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Make no mistake about it, Tuesday was a mighty fine day, especially in those areas with little to no snow cover. Here in the Quad Cities the high of 53 was the warmest maximum temperature in 45 days. The last time we were warmer was Christmas Eve day when we roasted Santa Claus with a high of 60! He liked it.

Here are the 2:00pm observations. Note the dramatic difference in readings due to snow cover. As much as 20 degrees warmer between Muscatine and Dubuque, Iowa (about 80 miles as the crow flies).

While all areas were above normal, the departures were significantly greater in SE Iowa where most spots were 20 to 25 degrees above normal.

Some places were more than 30 degrees warmer than just 24 hours earlier.

Snow cover was the difference maker. You can see the reported depths at 6:00am Tuesday morning.

Below you can actually see the bare ground and its ability to absorb solar radiation by the all the 50s in those locations without it.

All in all, it was nice to have a winter day without winter weather.


As nice as Tuesday was, the warmth has peaked and we'll see a cooling trend the next couple days with highs back in the range of 35 to 45 Wednesday and 28 to 38 Thursday. The coolest readings will be in the north or any location where snow cover remains. That's still above normal and nothing to complain about. We'll be able to gripe Friday night and Saturday when out next Clipper brings a wind driven shot of modified Arctic air back to the Midwest.

First things first, ahead of the clipper a minor warm advection precipitation event develops Thursday night and Friday morning. Totals are minimal with amounts less than1/10th of an inch are expected. Since the clipper is passing north the warmer air that's driving the precipitation is likely to keep most of it in the form of light rain with mixed rain or snow changing to light rain up north. The main message it there's high confidence on a storm system but low to moderate confidence on precipitation type and amounts. As it stands now, if there are any snow accumulations they are likely be in the far north and would occur mainly later Thursday night. I could see 1/2 inch (worst case 1 inch), with the best chances for totals like that closer to HWY 20. I don't expect much, just enough to be a nuisance with temperatures near or even above freezing. Below you can see what the GFS and EURO are showing for potential snow amounts.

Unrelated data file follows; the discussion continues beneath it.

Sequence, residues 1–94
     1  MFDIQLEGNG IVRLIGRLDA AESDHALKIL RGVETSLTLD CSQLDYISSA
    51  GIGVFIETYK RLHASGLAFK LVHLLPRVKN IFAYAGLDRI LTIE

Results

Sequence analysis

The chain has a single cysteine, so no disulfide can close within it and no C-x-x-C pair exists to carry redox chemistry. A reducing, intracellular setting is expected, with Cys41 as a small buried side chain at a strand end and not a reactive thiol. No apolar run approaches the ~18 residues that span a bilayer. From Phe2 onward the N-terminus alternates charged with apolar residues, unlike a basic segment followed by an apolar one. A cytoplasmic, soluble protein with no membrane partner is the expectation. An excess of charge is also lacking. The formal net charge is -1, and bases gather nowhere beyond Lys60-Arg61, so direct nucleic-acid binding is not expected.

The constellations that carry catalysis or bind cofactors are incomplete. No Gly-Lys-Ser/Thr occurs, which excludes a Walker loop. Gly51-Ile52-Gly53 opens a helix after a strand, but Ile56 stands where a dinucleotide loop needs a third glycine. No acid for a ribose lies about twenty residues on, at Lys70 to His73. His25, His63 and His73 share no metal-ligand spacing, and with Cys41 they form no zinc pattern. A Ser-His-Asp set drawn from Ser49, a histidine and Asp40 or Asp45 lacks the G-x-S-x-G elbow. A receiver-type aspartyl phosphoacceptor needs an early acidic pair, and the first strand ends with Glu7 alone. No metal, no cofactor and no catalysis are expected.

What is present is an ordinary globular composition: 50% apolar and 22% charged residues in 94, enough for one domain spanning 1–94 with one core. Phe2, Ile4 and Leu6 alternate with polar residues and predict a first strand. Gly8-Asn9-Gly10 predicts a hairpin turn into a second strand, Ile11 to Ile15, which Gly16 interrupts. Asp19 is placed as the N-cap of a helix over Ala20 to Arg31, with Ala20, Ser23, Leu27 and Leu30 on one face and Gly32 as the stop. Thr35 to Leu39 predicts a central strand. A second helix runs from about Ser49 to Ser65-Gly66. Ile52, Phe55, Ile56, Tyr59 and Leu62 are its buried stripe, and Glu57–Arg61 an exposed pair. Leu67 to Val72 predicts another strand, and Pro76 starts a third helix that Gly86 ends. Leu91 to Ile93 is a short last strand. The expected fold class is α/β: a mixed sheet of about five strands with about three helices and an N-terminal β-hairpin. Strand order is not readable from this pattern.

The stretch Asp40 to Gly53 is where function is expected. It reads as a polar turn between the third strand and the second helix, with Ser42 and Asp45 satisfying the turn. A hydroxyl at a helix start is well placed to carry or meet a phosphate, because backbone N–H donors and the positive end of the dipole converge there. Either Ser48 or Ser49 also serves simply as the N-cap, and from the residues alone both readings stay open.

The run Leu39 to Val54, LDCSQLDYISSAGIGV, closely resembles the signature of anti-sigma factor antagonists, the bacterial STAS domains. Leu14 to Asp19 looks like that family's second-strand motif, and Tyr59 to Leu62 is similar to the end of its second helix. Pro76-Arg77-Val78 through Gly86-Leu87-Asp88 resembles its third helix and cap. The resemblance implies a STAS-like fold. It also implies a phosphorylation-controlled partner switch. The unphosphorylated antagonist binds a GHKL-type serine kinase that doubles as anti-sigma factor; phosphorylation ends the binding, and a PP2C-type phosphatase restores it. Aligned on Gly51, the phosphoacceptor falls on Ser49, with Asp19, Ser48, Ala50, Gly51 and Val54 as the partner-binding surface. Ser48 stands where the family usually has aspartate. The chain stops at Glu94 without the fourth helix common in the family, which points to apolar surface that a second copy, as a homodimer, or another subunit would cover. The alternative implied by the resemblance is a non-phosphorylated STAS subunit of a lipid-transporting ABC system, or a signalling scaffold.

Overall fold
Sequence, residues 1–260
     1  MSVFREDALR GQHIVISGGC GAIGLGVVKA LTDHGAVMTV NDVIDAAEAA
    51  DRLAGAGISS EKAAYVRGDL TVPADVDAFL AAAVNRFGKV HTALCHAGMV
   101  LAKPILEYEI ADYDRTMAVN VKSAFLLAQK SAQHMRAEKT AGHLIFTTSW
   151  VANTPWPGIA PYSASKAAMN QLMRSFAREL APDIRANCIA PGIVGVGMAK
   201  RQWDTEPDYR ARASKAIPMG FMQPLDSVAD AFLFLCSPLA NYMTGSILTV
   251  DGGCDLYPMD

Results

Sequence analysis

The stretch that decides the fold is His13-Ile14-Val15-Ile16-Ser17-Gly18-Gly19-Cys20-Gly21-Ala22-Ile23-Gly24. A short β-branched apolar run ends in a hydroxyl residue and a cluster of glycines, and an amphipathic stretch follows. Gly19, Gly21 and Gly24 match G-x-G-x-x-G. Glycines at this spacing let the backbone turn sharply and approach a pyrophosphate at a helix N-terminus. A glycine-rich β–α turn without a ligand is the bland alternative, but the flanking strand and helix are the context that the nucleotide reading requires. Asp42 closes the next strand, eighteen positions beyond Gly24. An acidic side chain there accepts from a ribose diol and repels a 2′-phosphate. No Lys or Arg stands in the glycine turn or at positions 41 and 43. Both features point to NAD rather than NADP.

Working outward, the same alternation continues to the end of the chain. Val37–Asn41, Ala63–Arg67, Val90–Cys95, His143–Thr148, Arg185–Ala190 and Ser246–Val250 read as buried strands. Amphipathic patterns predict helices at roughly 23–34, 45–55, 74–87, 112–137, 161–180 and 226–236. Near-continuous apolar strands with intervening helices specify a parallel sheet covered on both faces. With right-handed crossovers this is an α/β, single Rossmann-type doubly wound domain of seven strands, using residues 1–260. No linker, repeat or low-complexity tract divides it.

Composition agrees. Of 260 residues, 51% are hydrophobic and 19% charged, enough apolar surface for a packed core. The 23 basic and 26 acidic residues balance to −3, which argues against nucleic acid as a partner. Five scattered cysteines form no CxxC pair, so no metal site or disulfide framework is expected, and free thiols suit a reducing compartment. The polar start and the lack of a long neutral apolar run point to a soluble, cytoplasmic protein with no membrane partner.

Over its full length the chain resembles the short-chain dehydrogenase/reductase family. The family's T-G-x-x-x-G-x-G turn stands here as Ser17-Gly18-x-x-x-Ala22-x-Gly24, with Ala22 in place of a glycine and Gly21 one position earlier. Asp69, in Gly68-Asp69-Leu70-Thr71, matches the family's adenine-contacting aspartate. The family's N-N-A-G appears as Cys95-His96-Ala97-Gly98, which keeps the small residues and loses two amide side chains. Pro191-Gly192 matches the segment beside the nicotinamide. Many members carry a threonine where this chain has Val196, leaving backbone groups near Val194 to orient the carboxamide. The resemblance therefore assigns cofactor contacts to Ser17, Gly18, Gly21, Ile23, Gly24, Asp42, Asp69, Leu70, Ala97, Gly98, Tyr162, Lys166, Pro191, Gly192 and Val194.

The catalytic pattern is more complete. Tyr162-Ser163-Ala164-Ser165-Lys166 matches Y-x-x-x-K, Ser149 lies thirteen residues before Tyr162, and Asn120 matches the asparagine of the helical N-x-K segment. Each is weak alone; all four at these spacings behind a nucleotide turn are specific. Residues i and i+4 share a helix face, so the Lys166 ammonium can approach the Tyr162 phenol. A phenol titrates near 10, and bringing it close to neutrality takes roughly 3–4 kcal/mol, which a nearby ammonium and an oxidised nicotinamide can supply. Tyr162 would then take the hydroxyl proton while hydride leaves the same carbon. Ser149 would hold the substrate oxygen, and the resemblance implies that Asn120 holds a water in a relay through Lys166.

Temperatures will actually be at their warmest Friday morning before colder air spreads in from the north behind the Arctic front in the afternoon. After readings in the upper 30s north to near 50 far south Friday morning, strong winds will combine with the Arctic air to produce tumbling temperatures. By Friday evening readings will be back around 20 north and the upper 20s south. That leads to lows Friday night of 5 north to 15 south. Brisk NW winds gusting over 30 mph will drive wind chills into the range of 10 below north to 5 above south by daybreak Saturday. Scattered flurries or snow showers will accompany the cold air later Friday or Friday night. Here's the wind chills Saturday morning.

That leads to a cold but mainly dry weekend. Highs Saturday hold in the teens before warming into the 20s Sunday afternoon. There is a chance of some very light snow in the northeast half of the region late Sunday afternoon or evening with another weak clipper. The EURO shows some light amounts (1" or less) NE of a line from Waterloo to Clinton. The GFS is much further north and shows a nothing burger. We will need another 24 hours to watch that potential. I like the drier solution better for the time being.

After today's warmth I did get a dose of spring fever and I'm ready to give up on snow. It's